Ministers are looking into imposing time limits for children using social media platforms, according to Culture Secretary Matt Hancock.
He said the negative impact of posting and consuming content online was a "genuine concern".
The politician said more needed to be done to safeguard young people and suggested a new age-verification system to address concerns.
He said there would a new legal requirement for companies to ensure users were aged over 13 years old. The details of how such a scheme would work are still being hashed out.
"There is a genuine concern about the amount of screen time young people are clocking up and the negative impact it could have on their lives," he told The Times.
"For an adult I wouldn't want to restrict the amount of time you are on a platform but for different ages it might be right to have different time cut-offs."
Mr Hancock suggested varying cut-off times for different ages on platforms such as Facebook, Instagram and Snapchat.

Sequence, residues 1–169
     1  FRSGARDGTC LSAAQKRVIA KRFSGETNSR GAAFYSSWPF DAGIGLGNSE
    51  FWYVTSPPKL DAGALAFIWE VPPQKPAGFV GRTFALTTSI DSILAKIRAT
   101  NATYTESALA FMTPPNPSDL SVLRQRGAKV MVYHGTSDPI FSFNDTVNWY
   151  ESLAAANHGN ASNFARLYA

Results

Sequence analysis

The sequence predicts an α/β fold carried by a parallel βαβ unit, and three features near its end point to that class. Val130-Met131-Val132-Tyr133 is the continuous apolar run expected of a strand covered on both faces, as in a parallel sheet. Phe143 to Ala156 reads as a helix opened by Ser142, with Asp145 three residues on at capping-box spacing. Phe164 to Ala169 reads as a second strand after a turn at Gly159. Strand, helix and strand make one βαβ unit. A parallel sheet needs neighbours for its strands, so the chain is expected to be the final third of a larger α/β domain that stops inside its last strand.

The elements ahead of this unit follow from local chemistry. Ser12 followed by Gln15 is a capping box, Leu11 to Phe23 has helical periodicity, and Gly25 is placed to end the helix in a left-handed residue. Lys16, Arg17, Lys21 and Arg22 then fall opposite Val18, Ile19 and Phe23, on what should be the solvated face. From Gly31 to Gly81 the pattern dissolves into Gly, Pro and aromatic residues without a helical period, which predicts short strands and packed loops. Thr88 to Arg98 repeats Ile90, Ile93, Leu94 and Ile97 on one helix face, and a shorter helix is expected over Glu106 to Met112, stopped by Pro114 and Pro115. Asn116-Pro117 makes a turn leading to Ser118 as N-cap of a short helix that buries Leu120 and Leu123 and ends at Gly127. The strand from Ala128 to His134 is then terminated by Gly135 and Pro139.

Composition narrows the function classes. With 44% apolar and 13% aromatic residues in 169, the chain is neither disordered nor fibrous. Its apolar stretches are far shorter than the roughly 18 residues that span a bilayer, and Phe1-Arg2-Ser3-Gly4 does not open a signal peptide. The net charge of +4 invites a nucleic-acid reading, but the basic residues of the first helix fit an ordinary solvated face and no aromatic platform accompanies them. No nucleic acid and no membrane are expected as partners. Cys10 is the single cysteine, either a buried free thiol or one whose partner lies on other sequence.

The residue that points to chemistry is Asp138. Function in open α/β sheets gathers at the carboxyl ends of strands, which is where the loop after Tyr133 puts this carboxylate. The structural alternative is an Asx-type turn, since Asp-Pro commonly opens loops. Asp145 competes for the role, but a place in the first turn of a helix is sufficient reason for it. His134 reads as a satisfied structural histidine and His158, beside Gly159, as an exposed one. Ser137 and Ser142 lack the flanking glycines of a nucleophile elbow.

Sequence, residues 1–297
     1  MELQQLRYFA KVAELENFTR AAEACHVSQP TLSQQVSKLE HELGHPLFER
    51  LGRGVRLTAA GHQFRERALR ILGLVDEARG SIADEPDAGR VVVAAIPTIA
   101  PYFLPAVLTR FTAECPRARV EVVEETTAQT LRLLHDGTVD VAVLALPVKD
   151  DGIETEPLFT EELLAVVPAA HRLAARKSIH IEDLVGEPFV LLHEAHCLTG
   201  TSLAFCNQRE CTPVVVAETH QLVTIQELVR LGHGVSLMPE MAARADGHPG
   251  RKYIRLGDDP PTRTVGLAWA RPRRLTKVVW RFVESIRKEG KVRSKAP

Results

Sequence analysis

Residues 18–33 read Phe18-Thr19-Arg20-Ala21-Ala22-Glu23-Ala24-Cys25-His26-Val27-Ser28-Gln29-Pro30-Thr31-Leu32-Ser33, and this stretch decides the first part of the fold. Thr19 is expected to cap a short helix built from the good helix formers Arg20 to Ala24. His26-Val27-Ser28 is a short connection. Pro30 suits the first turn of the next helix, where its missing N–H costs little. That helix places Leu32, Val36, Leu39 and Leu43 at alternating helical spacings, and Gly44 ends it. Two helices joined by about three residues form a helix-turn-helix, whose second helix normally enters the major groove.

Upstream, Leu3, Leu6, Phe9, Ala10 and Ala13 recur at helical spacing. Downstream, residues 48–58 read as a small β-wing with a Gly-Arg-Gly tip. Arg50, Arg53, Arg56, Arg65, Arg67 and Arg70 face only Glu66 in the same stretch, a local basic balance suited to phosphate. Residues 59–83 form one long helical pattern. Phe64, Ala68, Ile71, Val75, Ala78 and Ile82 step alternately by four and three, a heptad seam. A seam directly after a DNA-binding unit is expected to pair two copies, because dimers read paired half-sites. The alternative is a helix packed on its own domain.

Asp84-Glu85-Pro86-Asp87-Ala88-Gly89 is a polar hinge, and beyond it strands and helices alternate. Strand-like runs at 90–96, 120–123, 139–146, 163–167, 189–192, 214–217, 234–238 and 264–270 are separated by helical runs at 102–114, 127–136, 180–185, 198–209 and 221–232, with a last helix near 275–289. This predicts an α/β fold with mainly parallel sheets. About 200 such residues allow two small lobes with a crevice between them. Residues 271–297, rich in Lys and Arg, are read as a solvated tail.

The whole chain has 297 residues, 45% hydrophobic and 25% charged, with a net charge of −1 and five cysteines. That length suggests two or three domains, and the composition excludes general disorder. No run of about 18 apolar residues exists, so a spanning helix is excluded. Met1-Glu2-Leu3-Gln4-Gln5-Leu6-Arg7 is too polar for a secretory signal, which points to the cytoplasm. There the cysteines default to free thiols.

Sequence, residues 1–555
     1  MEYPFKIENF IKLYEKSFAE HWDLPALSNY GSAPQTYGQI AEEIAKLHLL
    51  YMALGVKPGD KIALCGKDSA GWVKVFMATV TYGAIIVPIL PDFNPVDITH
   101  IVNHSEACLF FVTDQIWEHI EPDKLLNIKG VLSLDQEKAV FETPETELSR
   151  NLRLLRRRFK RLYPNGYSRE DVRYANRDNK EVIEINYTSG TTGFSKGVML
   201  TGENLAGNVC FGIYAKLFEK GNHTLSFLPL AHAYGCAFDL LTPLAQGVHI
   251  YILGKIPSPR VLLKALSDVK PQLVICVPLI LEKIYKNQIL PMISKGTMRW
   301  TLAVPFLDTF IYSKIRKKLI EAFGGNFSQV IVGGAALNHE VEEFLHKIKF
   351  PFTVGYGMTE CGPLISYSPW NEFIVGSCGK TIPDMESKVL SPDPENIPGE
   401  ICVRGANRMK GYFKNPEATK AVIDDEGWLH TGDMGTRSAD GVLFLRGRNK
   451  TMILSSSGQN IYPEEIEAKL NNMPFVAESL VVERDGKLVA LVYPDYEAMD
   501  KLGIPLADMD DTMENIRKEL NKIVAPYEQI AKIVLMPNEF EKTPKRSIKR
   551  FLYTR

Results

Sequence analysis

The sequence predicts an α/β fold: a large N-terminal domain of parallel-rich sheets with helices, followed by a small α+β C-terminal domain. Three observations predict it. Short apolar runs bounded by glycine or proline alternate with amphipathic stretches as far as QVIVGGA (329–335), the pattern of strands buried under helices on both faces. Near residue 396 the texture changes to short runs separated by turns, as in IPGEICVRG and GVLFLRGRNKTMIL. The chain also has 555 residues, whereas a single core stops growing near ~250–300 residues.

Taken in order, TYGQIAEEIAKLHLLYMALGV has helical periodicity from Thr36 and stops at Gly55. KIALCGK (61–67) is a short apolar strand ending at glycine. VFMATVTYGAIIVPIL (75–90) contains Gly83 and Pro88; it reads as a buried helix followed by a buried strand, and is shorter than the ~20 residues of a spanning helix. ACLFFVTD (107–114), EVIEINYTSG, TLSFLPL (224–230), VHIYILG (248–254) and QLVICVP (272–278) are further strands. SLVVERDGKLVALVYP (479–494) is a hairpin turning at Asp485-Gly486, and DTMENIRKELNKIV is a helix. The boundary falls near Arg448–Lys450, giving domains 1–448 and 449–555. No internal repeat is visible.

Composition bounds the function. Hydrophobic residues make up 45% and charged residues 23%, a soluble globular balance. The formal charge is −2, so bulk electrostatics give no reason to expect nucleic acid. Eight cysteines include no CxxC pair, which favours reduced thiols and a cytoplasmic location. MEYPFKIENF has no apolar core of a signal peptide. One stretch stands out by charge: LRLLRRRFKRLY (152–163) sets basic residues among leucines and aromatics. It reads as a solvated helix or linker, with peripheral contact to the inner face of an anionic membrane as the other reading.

The platforms already specify a minimum age of 13 but children on the sites only have to falsify a date of birth to gain access, despite critics claiming most social networking sites are able to identify underage users from their browsing habits.
Mr Hancock said it was "not beyond the wit of man" to develop an age-verification system for children.
The move to clampdown on children using social media comes amid plans to extend a law requiring pornographic websites to verify users are over 18 years old with their bank cards.
More from Internet safety
The Association of School and College Leaders (ASCL) recently found in a small-scale poll that most school leaders who took part believed children's mental health suffered as a result of social media in the past year.
The Government has also announced it will introduce a new code of practice this year setting out the minimum expectations on social media giants in a bid to make the UK "the safest place in the world to be online".